Whole Foods' John Mackey Champions Conscious Capitalismhttp://www.fool.com/investing/general/2012/10/16/whole-foods-john-mackey-champions-conscious-capita.aspx Sara Murphy, Murphy
October 16, 2012
Whole Foods (Nasdaq: WFM ) CEO John Mackey was a keynote speaker at UBS' recent "Q-Series Inflection Points Towards Sustainability" conference. At the conference, Mackey delivered an impassioned speech to financial executives, championing capitalism as a driver for social progress. Mackey serves as a powerful example of how business leaders can and should use their vaunted positions to improve more than just short-term earnings.
Capitalism breeds prosperity
Two hundred years ago, Mackey pointed out, 85% of people lived on less than $1 a day in today's dollars. Considering the world's astonishing progress since then, he thinks abject poverty will end in our lifetimes, thanks to free-enterprise capitalism.
Mackey asserted that capitalism is not a zero-sum game, and that is the magic in it: Business can create value for society as a whole. "The problem is not inequality of wealth distribution, but inequality of capitalism distribution."
Capitalism's branding problem
The purpose-driven business
Mackey cited Southwest Airlines (NYSE: LUV ) as an example of purpose maximization. "They democratized the skies," he said, by following their purpose of giving people at all economic levels the freedom to fly. Mackey points out that Google (Nasdaq: GOOG ) didn't even exist 15 years ago, and now the company is a global force because it followed its purpose to organize the world's information and make it easily accessible.
Mackey puts purpose at the center of everything Whole Foods does, and it radiates to every other aspect of the business like spokes on a wheel. "The limiting thought is that business is all about trade-offs," he said. "The genius of business is that it's win-win for everyone."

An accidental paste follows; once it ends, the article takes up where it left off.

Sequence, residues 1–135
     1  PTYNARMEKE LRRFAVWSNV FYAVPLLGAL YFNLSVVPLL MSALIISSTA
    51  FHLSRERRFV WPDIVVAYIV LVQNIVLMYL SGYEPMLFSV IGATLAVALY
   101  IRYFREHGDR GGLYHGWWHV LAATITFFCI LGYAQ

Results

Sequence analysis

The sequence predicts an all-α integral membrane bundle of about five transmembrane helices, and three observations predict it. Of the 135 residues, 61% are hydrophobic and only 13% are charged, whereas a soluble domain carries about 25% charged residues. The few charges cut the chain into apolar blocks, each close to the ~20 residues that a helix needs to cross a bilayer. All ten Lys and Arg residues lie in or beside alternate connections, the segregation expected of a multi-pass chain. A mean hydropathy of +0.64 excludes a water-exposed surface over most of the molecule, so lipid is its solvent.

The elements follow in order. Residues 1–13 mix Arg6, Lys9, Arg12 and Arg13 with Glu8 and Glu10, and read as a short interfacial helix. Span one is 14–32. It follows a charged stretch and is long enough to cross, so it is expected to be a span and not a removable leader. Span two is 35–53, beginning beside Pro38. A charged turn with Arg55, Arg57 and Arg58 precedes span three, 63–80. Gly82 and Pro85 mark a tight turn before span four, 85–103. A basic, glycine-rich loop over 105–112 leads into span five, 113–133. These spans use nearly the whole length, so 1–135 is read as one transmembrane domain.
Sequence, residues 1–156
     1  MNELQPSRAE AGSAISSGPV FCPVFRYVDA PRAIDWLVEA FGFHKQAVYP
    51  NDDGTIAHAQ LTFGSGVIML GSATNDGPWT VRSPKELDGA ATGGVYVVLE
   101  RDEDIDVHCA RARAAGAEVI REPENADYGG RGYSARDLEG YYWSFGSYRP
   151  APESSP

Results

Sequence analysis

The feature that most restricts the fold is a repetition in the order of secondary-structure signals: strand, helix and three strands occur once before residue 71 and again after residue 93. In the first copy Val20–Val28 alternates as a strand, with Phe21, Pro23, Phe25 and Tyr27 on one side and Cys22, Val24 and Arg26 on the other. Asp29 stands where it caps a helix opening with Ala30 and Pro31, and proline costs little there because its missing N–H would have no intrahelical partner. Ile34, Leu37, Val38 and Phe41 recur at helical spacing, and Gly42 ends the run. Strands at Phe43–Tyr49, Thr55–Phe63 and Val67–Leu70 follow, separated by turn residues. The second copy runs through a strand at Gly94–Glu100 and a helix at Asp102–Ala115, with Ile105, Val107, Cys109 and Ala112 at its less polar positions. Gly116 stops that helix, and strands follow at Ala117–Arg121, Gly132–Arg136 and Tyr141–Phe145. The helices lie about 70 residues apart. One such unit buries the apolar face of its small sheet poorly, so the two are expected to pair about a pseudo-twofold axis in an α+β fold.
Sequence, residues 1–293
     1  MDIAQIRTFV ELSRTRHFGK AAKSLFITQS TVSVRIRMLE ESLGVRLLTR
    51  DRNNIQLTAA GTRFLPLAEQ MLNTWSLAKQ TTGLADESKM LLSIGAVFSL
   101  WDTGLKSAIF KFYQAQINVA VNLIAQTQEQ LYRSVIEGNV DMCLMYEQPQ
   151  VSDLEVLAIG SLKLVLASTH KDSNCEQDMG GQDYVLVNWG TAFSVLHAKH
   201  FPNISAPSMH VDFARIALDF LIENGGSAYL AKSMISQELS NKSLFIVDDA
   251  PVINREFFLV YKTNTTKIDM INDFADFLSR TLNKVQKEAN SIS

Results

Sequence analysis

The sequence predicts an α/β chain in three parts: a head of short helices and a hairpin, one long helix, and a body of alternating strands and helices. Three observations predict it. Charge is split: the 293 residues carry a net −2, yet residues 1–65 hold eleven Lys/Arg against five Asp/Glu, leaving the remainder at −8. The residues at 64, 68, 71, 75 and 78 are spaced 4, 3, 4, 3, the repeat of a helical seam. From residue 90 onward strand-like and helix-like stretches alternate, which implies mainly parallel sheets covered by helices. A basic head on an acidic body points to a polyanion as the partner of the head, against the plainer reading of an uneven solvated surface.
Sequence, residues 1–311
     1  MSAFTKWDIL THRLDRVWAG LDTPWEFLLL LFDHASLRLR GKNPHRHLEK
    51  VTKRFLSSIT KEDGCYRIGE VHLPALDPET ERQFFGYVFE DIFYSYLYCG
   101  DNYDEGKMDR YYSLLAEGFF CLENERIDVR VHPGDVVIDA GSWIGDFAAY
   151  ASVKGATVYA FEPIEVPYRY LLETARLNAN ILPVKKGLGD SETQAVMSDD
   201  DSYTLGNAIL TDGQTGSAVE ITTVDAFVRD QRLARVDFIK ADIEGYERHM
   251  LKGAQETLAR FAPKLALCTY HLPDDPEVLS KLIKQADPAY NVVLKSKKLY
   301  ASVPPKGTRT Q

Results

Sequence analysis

"Suppliers are the forgotten stakeholder," Mackey said. Squeezing suppliers is companies' typical game, but Mackey sees suppliers as the best-kept secret to competitive advantage. "You have to think of your suppliers as part of your family."
Furthermore, Mackey believes companies should see themselves as a citizen of the communities in which they operate, and that instead of pursuing philanthropy for the sake of public image, corporate leaders should view community investment as a process that creates value for the business and its stakeholders. Mackey says the result is an increase in shareholder value.
Mackey also strongly believes that companies should be sensitive to their effects on the environment. "The environment is the silent stakeholder. It's the only one that can't complain," Mackey explained. "Most environmental harm is done inadvertently as a consequence of creating value. The question is: How can we be a force for environmental healing, rather than a force for environmental depletion?"
Mackey points out that even Wal-Mart (NYSE: WMT) has starte